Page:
Crash Test Dude is the first (authorized) live recording by any of the Dummies. In Brad's own words:
So, after the Give Yourself A Hand tour, I decided to do a
working vacation tour. I figured it would go something like this. I would
make a rockumentary of my tour in the redneck bars of Canada. The idea is
that me and my buddy Murray, who was Crash Test Dummies' side-guy guitar
player/back-up vocalist ever since the Worm's Life tour, would go out
and do a drunk acoustic tour. We'd play everything from CTD hits to my old
fave hits, everything from Tom Jones to Britney Spears. This is a raw,
crude recording, made at Ted's Wrecking Yard in Toronto, Canada. It is
full of satire, self-deprecation, and obscenity, so play it for your
children, and prepare them for the raw, crude thing which becomes
-Brad Roberts on Crash Test Dude
Crash Test Dummies are a five-person musical group, originally from Winnipeg, Canada. The band's material is rather difficult to classify, having changed throughout the course of four albums. Possibly, it could be described as an unusually literate, eclectic brand of pop. Their songs are characterized by whimsical, thoughtful, and dryly humorous lyrics, creative musical arrangements, and the unmistakable presence of lead singer Brad Roberts' distinctive voice.
Crash Test Dummies first appeared on the Canadian musical scene in the late 1980's and began to achieve commercial success with the release of their first album, The Ghosts That Haunt Me, in 1991. The album eventually reached quadruple platinum sales (400,000) in Canada, largely due to the overwhelming popularity of the smash hit single "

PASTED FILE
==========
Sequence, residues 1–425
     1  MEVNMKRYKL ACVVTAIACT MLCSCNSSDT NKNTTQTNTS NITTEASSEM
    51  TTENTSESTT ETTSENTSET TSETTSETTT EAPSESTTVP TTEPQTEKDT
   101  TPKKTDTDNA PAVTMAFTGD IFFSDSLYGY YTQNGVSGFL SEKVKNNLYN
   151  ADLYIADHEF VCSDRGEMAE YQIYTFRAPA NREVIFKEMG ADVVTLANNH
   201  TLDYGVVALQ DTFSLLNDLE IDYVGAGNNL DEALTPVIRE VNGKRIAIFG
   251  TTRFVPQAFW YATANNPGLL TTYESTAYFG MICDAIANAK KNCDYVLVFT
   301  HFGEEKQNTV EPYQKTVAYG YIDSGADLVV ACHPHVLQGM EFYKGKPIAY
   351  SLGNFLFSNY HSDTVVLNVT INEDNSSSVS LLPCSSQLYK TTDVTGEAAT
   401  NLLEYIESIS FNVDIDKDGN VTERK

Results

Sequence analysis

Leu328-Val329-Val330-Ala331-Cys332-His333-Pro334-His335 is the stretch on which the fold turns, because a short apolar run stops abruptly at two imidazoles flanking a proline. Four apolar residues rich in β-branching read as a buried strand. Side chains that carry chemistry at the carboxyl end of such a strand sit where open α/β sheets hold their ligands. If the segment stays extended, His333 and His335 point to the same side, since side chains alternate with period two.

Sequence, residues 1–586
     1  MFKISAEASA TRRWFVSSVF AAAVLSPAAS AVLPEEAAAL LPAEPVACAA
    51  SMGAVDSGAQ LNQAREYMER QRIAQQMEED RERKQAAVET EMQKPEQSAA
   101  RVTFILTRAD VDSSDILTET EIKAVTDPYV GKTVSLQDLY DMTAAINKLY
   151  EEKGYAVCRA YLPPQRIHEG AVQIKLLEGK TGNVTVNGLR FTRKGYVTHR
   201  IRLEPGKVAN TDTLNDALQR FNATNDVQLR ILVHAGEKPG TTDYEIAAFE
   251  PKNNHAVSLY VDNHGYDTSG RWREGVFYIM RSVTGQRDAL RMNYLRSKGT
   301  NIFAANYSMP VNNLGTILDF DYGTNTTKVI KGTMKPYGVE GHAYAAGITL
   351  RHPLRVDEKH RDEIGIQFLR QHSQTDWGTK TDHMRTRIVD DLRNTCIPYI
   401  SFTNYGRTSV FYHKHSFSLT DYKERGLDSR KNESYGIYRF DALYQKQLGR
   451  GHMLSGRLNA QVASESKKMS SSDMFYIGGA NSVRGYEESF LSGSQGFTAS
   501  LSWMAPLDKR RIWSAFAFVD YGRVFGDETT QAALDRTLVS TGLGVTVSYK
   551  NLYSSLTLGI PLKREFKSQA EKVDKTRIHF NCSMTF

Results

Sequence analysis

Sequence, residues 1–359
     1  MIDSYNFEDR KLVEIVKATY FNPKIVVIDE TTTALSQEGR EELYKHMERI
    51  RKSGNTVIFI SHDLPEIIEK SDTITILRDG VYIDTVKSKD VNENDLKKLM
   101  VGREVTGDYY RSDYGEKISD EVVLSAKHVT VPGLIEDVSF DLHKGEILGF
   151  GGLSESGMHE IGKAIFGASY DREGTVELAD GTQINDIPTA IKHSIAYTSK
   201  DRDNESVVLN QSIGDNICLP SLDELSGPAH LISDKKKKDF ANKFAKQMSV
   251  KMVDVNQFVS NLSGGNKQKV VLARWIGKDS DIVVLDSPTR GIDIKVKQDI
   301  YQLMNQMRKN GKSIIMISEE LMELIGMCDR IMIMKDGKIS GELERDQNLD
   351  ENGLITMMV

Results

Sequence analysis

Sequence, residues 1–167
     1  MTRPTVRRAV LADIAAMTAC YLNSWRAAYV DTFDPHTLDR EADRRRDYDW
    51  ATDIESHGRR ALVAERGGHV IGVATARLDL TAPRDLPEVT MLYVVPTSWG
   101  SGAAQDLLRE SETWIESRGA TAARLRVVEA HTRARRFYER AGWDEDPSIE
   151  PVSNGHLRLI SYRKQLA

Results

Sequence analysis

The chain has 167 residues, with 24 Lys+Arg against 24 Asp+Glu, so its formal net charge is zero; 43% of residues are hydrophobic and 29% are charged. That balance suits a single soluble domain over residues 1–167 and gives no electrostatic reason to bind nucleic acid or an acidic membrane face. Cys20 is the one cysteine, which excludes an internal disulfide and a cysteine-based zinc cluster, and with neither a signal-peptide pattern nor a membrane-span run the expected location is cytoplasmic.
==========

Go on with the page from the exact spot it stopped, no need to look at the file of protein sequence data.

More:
'Superman's Song', and earned CTD the 1991 Juno Award for Group of the Year.
However, the Dummies did not receive much international recognition until the 1993 release of their second album, God Shuffled His Feet. Particularly instrumental in increasing CTD's exposure in the U.S. market was the appearance of a new type of radio format: adult album-oriented alternative rock (AAA). These stations put the single 'Mmm Mmm Mmm Mmm' in high rotation, with the result that by mid-1994 the album had passed the platinum sales mark in the U.S. (one million), and had also earned the Dummies three Grammy nominations and three more Juno nominations.
To date, GSHF has sold more than five and a half million copies worldwide.
In 1996, the Dummies' third album, A Worm's Life, was released to mixed critical and moderate commercial success. The singles were warmly received in some markets, but nothing matched the runaway success of either 'Superman's Song' or 'Mmm Mmm Mmm Mmm'. Still, the album went platinum in Canada in less than one month.
Give Yourself A Hand, the Dummies' fourth album, was released March 23, 1999. The album showcased yet another new sound for the Dummies, as it featured Ellen Reid singing lead vocals on three tracks, and Brad Roberts singing in a falsetto on several others. The whole sound of the album was much more electronic than the previous recordings.
During a much-deserved hiatus, Benjamin Darvill became the first Dummy to release solo material. Under the name Son Of Dave, Darvill first brought out the album 01, followed with B. Darvill's Wild West Show. Released on Ben's own label, Husky Records, the eclectic CDs received widespread critical acclaim.
The Dummies surprised fans in 2001 by putting their solo projects on hold for a fifth studio album and tour. Entitled I Don't Care That You Don't Mind, this CD saw the Dummies returning to their acoustic roots. Lead singer Brad Roberts compared this album to the Dummies' first, The Ghosts That Haunt Me, though he calls it more atmospheric and polished.